Dakar Stage 7 Highlights: Sainz extends overall lead, racers mourn death of one of their own

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Sunday’s stage 7 of the Dakar Rally was marred by the death of motorbike rider Paulo Gonçalves, who fell and suffered cardiac arrest roughly halfway through the stage. 

Riders Kevin Benavides and Toby Price stopped to assist Gonçalves, and a medical helicopter arrived at the scene within eight minutes, according to the event organizer’s website. Gonçalves was then airlifted to a hospital and subsequently pronounced dead.

Gonçalves was competing in his 13th Dakar. He was runner-up in 2015.

After a meeting with riders, Dakar officials made the decision to cancel Monday’s stage 8 for the motorbikes and quad classes in order to allow competitors to mourn the loss of their competitor and friend.

 

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Here are some of Sunday’s highlights:

In the cars class, Carlos Sainz collected his third win to extend his advantage over Nasser Al-Attiyah in the overall standings. 

Al-Attiyah and local driver Yasir Seaidan set the pace early on in the stage, but Sainz jumped ahead roughly halfway through and ended up beating Al-Attiyah by 2:12. Stephane Peterhansel finished third, 2:53 behind. 

Two-time Formula One champion Fernando Alonso finished sixth, finishing 7:49 behind Sainz. Alonso is now ranked 15th overall.

Overall: Carlos Sainz holds an advantage of 10:00 over Nasser Al-Attiyah.

In bikes, Kevin Benavides was awarded the victory after stopping to assist Paulo Gonçalves following the rider’s fatal crash.  

Joining Benavides were several other riders, including Toby Price and Stefan Svitko, all of whom were awarded time by race organizers for their efforts.

Following the time adjustments, Benavides won by 1:23 over Joan Barreda Bort. Matthias Walkner finished third, 4:17 behind. 

Overall: Ricky Brabec holds an advantage of 24:48 over Pablo Quintanilla.

In side by sides, Blade Hildebrand, who was competing under the ‘Dakar Experience’ rule due to a retirement in stage 2, defeated fellow American Casey Currie by a comfortable margin of 11:15. Stage 1 winner Aron Domzala finished third, 13:16 back.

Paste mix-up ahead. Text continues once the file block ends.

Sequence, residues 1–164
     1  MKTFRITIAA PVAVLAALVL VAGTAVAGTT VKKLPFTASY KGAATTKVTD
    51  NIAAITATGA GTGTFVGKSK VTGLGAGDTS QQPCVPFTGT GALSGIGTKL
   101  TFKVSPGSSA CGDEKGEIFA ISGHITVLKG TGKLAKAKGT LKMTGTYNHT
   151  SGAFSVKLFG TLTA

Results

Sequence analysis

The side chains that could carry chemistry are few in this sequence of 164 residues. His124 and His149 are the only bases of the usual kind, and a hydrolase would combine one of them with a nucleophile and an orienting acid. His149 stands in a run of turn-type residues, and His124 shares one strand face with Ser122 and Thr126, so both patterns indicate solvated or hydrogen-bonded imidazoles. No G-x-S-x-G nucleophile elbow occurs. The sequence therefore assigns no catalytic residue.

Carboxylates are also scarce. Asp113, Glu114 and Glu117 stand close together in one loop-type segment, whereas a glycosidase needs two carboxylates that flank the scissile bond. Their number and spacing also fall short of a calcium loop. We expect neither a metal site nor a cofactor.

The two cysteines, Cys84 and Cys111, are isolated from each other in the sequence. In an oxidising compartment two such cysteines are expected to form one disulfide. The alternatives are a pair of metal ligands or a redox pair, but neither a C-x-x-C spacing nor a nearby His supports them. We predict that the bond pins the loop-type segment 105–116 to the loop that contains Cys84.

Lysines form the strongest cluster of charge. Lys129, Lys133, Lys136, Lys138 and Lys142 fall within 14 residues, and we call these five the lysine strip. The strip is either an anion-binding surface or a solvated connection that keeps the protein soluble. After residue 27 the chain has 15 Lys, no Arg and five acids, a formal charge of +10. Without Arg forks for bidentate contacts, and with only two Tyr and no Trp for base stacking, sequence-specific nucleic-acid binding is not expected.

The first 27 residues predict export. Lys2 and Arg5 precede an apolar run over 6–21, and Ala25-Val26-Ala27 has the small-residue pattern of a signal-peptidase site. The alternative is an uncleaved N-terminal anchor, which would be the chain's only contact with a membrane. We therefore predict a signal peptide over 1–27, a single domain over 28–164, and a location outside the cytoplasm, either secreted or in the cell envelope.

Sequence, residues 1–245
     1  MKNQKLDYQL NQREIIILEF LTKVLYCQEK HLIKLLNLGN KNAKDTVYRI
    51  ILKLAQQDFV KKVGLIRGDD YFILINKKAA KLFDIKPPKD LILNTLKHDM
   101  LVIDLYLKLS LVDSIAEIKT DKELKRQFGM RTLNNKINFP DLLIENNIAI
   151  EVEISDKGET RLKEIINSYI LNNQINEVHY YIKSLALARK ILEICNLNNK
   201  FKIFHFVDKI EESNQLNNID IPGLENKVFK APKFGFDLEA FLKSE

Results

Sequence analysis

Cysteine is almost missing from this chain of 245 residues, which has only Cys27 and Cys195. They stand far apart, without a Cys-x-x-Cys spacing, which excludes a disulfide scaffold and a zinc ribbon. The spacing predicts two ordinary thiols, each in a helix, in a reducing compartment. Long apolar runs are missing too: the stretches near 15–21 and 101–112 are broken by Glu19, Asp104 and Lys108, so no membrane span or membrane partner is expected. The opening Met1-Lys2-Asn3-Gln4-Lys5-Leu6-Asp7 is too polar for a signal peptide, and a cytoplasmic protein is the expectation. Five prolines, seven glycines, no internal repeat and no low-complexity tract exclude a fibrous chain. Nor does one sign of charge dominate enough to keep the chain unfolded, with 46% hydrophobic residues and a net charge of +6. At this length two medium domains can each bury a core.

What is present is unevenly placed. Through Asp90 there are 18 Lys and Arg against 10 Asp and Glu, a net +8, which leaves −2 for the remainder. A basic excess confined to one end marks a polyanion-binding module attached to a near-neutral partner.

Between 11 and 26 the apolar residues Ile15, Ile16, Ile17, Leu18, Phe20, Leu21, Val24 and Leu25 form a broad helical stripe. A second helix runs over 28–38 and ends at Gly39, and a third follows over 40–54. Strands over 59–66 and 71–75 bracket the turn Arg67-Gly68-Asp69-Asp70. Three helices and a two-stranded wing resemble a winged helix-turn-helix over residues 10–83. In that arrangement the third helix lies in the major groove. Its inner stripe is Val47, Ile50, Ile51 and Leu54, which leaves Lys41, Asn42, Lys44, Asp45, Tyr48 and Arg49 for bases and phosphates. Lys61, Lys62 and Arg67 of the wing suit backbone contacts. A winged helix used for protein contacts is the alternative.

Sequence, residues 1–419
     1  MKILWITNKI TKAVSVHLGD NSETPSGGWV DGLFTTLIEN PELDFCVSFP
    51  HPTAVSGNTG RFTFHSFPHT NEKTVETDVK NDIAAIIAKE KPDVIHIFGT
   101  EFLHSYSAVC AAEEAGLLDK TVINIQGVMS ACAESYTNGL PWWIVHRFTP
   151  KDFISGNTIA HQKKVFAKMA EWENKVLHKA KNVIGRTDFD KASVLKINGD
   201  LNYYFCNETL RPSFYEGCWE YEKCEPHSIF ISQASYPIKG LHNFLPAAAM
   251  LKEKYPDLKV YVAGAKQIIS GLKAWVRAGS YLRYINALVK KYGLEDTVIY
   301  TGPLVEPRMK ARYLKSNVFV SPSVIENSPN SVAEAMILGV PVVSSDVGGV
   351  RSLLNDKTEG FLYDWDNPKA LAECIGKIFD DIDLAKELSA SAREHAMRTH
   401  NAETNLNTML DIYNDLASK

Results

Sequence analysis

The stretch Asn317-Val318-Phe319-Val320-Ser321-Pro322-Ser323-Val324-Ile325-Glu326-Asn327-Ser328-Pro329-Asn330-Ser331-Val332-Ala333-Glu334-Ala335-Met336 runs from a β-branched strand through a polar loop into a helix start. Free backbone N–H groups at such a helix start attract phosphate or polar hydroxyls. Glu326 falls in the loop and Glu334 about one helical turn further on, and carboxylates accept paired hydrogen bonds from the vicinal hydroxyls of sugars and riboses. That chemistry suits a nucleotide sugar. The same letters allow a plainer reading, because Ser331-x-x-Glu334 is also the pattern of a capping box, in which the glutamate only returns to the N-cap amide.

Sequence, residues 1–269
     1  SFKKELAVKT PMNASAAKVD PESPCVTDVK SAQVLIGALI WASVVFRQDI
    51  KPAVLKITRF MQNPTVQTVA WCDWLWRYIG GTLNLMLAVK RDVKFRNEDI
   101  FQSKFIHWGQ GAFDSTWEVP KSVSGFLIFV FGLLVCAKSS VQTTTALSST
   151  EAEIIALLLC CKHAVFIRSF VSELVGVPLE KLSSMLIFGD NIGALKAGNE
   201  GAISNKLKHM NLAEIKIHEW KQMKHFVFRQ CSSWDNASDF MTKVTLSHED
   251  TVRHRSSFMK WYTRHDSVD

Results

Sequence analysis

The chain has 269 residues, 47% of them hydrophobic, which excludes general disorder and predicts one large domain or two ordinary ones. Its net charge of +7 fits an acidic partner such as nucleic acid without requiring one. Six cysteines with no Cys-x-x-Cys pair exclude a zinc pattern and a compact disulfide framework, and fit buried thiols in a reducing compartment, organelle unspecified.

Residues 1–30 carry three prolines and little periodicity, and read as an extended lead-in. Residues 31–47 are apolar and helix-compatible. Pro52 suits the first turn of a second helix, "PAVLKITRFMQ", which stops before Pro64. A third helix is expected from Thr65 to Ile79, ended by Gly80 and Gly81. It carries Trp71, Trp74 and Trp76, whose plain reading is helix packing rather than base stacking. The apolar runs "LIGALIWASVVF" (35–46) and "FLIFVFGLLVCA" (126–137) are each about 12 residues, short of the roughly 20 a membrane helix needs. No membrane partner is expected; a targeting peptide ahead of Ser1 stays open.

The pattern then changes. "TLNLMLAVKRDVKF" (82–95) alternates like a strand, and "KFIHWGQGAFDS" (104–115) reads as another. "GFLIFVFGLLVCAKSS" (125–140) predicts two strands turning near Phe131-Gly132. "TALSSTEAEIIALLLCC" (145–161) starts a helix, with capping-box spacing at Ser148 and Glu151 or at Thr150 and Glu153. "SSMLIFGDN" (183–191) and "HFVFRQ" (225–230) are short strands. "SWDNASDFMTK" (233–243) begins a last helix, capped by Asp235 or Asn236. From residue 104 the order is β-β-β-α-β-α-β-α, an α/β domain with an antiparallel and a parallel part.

Overall: Casey Currie holds an advantage of 32:03 over Francisco Lopez Contardo.

In quads, Simon Viste picked up his second consecutive victory, beating Giovanni Enrico by a 0:11. Overall leader Ignacio Casale was third-fastest, finishing 1:31 behind.

Overall: Ignacio Casale holds an advantage of 36:43 over Simon Viste. 

In trucks, Andrey Karginov continued to dominate, narrowly edging out teammate Dmitry Sotnikov by 0:03 to claim his second consecutive stage victory and third overall. Anton Shibalov finished third, 2:05 back.

Overall: Andrey Karginov holds an advantage of 21:12 over Anton Shibalov.

Stage Wins:

Cars: [3] Carlos Sainz (Stage 3, 5, and 7), [2] Stephane Peterhansel (Stage 4 and 6), [1] Vaidotas Zala (Stage 1) and [1] Giniel De Villiers (Stage 2)

Bikes: [2] Toby Price (Stage 1 and 5), [2] Ricky Brabec (Stage 3 and 6), [1] Ross Branch (Stage 2), [1] Jose Ingacio Cornejo (Stage 4) and [1] Kevin Benavides (Stage 7)

Side-by-sides:  [2] Gerard Farres Guell (Stage 3 and 6), [1]  Aron Domzala (Stage 1), [1] Francisco Lopez Contardo (Stage 2), [1] Mitchell Guthrie (Stage 4),  [1] Cyril Despres (Stage 5) and [1] Blade Hildebrand (Stage 7)

Quads: [3] Ignacio Casale (Stage 1, 2, and 4), [2] Simon Viste (Stage 6 and 7), [1] Giovanni Enrico (Stage 3) and [1] Romain Dutu (Stage 5)

Trucks: [3] Andrey Karginov (Stage 3, 6, and 7), [2] Anton Shibalov (Stage 1 and 4), [1] Siarhei Viazovich (Stage 2) and [1] Dmitry Sotnikov (Stage 5)

Highlights of Stage 7 will air on NBCSN tonight at 6:30 p.m. ET.  The rally runs through Jan. 17.

McLaren F1 drivers and senior management agree to pay cuts

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McLaren Formula One drivers Carlos Sainz Jr. and Lando Norris are taking pay cuts, while the team is furloughing other employees as part of protective cost-cutting during the coronavirus pandemic.

With F1 racing suspended, McLaren said both drivers and senior management, including chief executive Zak Brown, all agreed to voluntary pay decreases. No figure was given, but McLaren said the percentage of the cut is the same for all employees who are not furloughed.

McLaren said in an email that “these measures are focused on protecting jobs in the short term to ensure our employees return to full-time work as the economy recovers.”

Sainz Jr. tweeted his support, saying “I fully understand these tough decisions and I have obviously decided to take a pay cut. We are all in this together.”

The first eight races of the 22-race campaign have been called off because of the virus. The season-opening Australian GP and the showpiece Monaco GP have been canceled, while the others might be rescheduled.

There is no date set for when the season might start, with the Canadian GP the next scheduled race on the disrupted calendar on June 14.

The season is scheduled to finish with the Abu Dhabi GP on Nov. 29, but F1 organizers previously said they anticipated that “the season end date will extend beyond our original end date.”

To further save costs and potentially gain time, engine manufacturers and teams are observing a three-week factory shutdown period. It normally would have been two weeks and would have taken place during the midseason summer break.